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Legendary Chinese Film and TV Mogul Run Run Shaw, Producer of 'Blade Runner,' Martial Arts Films, Dies at 106 Variety

"Sir Run Run Shaw, one of the pioneers of the 20th century Chinese film industry, has died age 106," reports Variety.

The story continues: "Shaw, who co-founded the Shaw Brothers film studio with his brother Runme, had been involved in the film industry in Shanghai and Singapore since age 19. The Shaw Brothers company was in its heyday in the 1960s and 1970s and was influential in both the Asian and Western film industries. He personally has credits on some 360 films, ranging from martial arts classics to Ridley Scott’s 'Blade Runner.' "

The New York Times obituary about Shaw says that he is generally "seen as [the] creator of [the] Kung Fu genre."

Regarding Shaw's experiences in the TV industry, The NY Times writes: "His investments in the new phenomenon of Asian television were to prove even more lucrative than his movie productions. In 1972 he began Television Broadcasts (TVB), and he soon gained control of 80 percent of the Hong Kong market. TVB churned out 12 hours of its own programming a day, much of it soap operas and costume dramas that riveted Chinese television viewers on the mainland and throughout Southeast Asia."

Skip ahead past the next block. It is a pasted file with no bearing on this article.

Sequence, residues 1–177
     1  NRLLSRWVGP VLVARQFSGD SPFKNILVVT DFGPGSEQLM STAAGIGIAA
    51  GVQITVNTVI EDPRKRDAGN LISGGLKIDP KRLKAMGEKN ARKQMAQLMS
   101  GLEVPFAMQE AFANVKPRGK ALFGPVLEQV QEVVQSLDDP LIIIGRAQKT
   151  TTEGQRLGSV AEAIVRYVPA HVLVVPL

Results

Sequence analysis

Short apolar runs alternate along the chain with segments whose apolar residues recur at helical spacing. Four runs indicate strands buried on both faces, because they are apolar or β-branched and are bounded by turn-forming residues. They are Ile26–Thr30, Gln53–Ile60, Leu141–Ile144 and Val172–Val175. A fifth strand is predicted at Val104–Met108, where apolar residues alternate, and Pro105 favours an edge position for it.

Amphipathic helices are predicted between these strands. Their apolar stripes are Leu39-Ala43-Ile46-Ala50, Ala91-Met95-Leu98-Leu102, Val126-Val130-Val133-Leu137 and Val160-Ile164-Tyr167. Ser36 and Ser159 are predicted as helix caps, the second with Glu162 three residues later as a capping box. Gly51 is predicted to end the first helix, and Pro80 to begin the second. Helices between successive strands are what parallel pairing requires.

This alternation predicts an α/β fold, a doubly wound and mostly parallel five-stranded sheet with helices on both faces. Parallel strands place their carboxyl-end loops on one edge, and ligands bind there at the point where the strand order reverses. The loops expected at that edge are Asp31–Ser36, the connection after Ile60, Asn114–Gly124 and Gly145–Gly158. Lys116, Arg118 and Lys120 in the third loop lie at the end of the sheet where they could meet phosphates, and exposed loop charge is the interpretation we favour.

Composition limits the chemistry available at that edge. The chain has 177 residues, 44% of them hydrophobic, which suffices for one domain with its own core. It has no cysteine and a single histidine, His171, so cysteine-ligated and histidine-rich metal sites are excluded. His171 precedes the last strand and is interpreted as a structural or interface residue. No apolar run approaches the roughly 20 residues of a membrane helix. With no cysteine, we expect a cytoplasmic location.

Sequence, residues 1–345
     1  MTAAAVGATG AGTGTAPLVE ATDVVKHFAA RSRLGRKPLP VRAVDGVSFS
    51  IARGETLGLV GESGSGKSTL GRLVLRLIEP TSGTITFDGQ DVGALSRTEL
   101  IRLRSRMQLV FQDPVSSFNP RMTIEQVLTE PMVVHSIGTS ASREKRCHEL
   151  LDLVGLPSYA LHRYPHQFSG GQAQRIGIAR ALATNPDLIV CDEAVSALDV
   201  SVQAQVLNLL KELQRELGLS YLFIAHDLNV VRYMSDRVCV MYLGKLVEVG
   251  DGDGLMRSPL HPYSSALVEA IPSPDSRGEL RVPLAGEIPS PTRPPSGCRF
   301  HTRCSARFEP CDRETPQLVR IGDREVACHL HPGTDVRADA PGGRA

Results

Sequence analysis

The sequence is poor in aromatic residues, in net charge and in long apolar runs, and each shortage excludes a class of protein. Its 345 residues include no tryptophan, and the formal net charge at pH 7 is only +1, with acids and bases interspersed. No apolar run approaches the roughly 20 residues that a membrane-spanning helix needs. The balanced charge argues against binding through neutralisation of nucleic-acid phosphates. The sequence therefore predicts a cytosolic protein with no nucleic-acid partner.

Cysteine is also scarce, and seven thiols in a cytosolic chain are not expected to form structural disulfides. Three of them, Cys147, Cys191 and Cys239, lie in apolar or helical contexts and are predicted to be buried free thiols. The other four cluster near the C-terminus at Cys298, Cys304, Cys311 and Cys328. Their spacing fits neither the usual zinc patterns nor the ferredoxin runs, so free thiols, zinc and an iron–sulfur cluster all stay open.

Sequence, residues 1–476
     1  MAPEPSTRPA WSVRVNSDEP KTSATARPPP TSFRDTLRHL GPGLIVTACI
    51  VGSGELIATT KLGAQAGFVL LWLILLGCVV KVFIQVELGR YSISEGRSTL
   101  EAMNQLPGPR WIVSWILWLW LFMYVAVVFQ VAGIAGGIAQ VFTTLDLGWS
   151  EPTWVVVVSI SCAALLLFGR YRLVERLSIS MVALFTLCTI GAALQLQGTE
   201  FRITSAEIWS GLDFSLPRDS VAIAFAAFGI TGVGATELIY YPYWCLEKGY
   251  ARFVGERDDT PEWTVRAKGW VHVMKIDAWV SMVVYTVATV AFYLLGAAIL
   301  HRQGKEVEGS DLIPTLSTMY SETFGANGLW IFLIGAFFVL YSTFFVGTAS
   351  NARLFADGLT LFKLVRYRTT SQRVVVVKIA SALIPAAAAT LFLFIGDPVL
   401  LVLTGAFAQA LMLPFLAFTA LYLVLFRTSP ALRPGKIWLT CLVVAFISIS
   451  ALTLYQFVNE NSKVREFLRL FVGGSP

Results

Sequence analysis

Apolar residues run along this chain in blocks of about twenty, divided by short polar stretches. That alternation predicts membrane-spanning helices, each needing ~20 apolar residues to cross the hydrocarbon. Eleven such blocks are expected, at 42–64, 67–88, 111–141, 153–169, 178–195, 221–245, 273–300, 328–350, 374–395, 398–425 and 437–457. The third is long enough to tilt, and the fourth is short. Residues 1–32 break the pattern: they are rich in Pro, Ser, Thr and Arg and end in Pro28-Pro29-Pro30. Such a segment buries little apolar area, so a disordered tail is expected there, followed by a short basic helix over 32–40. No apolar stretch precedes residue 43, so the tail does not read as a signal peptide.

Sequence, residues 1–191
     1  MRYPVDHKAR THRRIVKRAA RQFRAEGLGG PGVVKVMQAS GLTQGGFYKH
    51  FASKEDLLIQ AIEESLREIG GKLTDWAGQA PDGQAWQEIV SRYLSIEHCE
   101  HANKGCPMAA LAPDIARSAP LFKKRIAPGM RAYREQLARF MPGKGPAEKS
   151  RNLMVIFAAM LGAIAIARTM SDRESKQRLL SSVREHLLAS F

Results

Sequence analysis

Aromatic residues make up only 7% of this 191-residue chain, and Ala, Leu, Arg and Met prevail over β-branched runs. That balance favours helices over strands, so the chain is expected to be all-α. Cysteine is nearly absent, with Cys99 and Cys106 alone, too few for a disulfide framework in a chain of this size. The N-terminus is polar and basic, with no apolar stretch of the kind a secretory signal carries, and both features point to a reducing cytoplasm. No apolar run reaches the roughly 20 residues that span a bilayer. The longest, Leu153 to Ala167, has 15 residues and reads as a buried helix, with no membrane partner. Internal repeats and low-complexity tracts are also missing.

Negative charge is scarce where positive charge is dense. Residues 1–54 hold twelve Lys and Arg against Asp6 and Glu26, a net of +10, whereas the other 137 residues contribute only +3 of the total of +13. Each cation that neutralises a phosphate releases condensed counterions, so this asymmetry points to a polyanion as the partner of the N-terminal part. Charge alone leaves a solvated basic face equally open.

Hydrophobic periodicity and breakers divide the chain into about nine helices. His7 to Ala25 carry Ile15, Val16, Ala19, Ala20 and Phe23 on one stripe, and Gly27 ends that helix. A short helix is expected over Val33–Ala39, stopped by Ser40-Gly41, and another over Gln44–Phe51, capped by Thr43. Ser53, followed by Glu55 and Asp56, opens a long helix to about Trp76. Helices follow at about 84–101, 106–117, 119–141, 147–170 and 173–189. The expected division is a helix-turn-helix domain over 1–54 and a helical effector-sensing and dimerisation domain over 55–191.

The Times obituary adds: "In later years, the aging mogul ... seemed in need of help to keep his media empire intact. Concerned with the rise of cable and satellite television, he sold a 22 percent stake in TVB to Rupert Murdoch’s News Corporation in 1993.

"Mr. Shaw had intended to maintain control over his media business by balancing his one-third share in TVB against Mr. Murdoch’s 22 percent and the 24 percent held by Robert Kuok, one of Hong Kong’s richest entrepreneurs. But the balance of power shifted when Mr. Murdoch sold his equity to Mr. Kuok shortly afterward. Then, in 1996, in Hong Kong’s first case of a hostile takeover, Mr. Kuok forced Mr. Shaw to sell him his shares in TVE, the lucrative publishing, music and real estate subsidiary of TVB. The deal reduced Mr. Shaw’s TVB stake to 23 percent."

The Times story also notes that Mr. Shaw, who became friendly with Macy's CEO in the early 1990s, "was once viewed as a white knight in New York. In 1991, when Macy’s was on the verge of bankruptcy, he bought 10 percent of its preferred shares for $50 million, becoming one of the largest shareholders in R. H. Macy & Company."

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